Towards the end of the programme, Green comes to the conclusion that the decision to ban the Pit Bull type was not only due to the high profile dog attack cases circulating throughout the media in 1991, but was also linked to the associations that the breed has with the “underclass”. Green believes that the ‘devil dog’ label and the widespread stereotype of criminal owners is an attempt to make the seizure of Pit Bull types appear justifiable, and does little to encourage any feelings of compassion towards either dog or owner. It is said that initial plans for Section 1 of the Dangerous Dogs Act (breed specific legislation) included breeds such as the German Shepherd. In this sense, with the strong link between German Shepherds and the police, perhaps it is no wonder that it was the Pit Bull type that was banned instead.
“We thought that someone would come to their senses at some point” – Shaun Opperman, Director of Veterinary Services at Battersea Dogs and Cats Home, on the Dangerous Dogs Act 1991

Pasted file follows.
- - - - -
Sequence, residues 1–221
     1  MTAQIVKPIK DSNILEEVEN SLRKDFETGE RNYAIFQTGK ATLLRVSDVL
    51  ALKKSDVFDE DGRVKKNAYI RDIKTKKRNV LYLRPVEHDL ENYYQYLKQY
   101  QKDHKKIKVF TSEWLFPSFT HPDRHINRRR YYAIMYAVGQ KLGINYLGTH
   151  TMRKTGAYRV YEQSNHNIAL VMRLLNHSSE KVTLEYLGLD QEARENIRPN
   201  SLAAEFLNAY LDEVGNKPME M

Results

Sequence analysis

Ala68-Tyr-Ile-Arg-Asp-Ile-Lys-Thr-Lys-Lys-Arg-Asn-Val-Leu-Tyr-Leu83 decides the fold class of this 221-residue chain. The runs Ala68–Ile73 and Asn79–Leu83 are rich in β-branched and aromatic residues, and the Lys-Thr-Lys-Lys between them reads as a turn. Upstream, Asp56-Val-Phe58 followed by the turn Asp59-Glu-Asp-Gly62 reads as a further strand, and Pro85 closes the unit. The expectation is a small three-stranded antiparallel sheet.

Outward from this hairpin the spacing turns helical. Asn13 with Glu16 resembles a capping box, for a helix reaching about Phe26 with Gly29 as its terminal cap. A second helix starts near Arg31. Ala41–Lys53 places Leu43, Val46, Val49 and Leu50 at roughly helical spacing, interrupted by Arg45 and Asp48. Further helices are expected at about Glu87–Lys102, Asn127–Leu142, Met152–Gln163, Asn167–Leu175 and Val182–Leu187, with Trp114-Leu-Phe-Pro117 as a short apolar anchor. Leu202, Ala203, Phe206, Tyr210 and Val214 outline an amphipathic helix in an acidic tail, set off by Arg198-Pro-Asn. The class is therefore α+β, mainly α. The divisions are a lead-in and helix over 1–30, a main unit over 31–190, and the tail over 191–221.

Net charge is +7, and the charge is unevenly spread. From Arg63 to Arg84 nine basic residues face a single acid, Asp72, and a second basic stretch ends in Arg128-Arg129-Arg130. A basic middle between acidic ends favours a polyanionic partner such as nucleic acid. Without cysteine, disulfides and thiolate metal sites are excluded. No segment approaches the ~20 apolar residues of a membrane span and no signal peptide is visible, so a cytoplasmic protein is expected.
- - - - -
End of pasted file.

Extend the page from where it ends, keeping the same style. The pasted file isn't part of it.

In addition to the documentary, a short video was also made available on YouTube, entitled ‘Dogs on Death Row’. In the clip, Green visits the main Battersea site, where last year 91 Pit Bull types were destroyed under the Dangerous Dogs Act (dogs deemed to be of illegal type can not be rehomed). A dog suspected to be of Pit Bull type is brought in to the centre during filming. The dog, named Caramel by the staff, is clearly a friendly and well mannered dog, despite being found on the streets. It is a tense moment when the measurements taken by the Dog Legislation Officer are announced – seeing this lovely dog being put to sleep would be heartbreaking – yet thankfully this time it is a happy outcome. Green also talks to Shaun Opperman, the head vet at Battersea, who has no choice other than to put down healthy dogs if they match a significant number of Pit Bull type characteristics. Opperman expresses his disdain for the Dangerous Dogs Act and says that it is “nonsensical” to euthanise dogs of sound temperament, adding that when the law originally came into effect he did not believe that it would still be here, 25 years on.